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Summary: Tantalum used for implants

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  • Summary: Tantalum used for implants

    Summary: Tantalum used for implants

    Thanks to all, how had send me some mails.
    This summary replaces completely me 1. resume, where several dates
    and references are missing. Excuse moi, nobody is perfect.

    First the references from the E-mails
    The follow references are from Scott Tashman, (

    Alberius, P., Bone reactions to tantalum markers. A scanning electron
    microscopic study. Acta Anat (Basel) 115: 310-8, 1983.

    Ciccotti, M. G., Rothman, R. H., Hozack, W. J. and Moriarty, L.,
    Clinical and roentgenographic evaluation of hydroxyapatite-augmented
    and nonaugmented porous total hip arthroplasty.
    J Arthroplasty 9: 631-9,1994.

    Glantz, P. O., Bjorlin, G. and Sundstrom, B., Tissue reactions to
    some dental implant materials. An in vivo study in white rats.
    Odontol Revy 26: 231-8, 1975.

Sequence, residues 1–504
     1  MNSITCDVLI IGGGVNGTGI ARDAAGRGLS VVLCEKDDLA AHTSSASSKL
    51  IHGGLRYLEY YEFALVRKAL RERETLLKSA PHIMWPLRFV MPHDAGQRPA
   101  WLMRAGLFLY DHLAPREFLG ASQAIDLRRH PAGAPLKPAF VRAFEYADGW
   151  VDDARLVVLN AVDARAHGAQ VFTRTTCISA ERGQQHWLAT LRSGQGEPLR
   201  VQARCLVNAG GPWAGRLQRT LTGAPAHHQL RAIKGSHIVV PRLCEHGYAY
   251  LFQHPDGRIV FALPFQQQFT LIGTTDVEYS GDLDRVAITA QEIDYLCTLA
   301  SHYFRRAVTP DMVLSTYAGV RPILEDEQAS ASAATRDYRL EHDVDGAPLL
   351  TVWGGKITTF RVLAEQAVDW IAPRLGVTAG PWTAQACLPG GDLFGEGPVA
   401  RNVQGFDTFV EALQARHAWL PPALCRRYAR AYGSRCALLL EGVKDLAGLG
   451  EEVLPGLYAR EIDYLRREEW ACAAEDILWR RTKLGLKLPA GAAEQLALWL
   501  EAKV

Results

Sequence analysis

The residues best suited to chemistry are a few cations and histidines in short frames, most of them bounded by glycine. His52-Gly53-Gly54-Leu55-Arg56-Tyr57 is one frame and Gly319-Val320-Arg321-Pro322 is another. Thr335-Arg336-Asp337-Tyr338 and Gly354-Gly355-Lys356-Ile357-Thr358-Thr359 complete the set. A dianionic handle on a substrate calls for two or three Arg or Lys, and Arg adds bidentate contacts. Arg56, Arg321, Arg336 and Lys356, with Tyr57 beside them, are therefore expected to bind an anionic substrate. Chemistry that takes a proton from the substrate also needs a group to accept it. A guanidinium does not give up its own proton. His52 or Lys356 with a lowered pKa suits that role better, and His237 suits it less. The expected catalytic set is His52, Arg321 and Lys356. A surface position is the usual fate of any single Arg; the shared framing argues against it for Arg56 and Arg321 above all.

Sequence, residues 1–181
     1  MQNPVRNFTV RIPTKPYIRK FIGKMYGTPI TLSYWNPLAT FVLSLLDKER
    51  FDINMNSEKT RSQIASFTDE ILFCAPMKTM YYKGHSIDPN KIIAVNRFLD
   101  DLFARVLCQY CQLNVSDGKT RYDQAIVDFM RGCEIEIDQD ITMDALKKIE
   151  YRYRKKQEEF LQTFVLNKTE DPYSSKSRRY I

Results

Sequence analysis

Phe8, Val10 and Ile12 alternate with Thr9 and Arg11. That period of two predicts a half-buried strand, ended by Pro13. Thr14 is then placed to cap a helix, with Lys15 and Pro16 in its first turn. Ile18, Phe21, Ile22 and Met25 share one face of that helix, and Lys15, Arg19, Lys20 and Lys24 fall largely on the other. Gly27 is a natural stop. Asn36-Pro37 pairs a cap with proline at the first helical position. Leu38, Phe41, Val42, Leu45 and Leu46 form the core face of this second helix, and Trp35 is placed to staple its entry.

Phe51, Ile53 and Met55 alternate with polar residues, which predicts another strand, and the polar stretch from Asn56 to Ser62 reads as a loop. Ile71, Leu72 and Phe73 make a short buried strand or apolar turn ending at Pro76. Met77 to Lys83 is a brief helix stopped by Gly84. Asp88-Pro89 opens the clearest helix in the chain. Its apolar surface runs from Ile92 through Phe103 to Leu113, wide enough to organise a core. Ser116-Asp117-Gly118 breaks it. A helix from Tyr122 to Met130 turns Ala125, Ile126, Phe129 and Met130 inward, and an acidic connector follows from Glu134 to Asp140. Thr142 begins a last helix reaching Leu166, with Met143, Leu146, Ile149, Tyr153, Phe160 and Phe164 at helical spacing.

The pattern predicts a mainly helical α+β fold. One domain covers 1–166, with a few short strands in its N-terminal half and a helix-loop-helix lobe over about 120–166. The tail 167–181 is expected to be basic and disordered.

Rune, B., Sarnas, K. V., Selvik, G. and Jacobsson, S., Movement of
    the cleft maxilla in infants relative to the frontal bone. A roentgen
    stereophotogrammetric study with the aid of metallic implants.
    Cleft Palate J 17: 155-74, 1980.

    Spolyar, J. L. and Canady, A., Component bone marker displacements
    revealed by image-corrected cephalometric analysis. A lateral
    cephalometric study of the cranium in normal and craniosynostosis--an
    implant study. Childs Nerv Syst 12: 640-53, 1996.

    Zitter, H. and Plenk, H., Jr., The electrochemical behavior of
    metallic implant materials as an indicator of their biocompatibility.
    J Biomed Mater Res 21: 881-96, 1987.

    Selvik, G., 1990, "Roentgen Stereophotogrammetric Analysis," Acta
    Radiologica, Vol. 31, pp. 113-126.

    Selvik, G., 1990, "Roentgen Stereophotogrammetry. A Method for the
    Study of the Kinematics of the Skeletal System,"
    Acta Orthop. Scand. Supp., Vol. 232, pp. 1-51.

    The follow references are from Fabio Baruffaldi, (

    H. Baldursson, L. Hansson, T.H. Olsson and G. Selvig, Migration of
    the acetabular socket after total hip replacement determined by
    roentgen stereophotogrammetry, Acta Orthop. Scand. 51 (1980) 535-540.

    A. Wykman, G. Selvig and I. Goldie, Subsidence of the femoral
    component in the noncemented total hip,
    Acta Orthop. Scand. 59 (1988) 635-637.

    B. Mjoberg, J. Brismar, L.I. Hansson, H. Petterson and G. Selvig,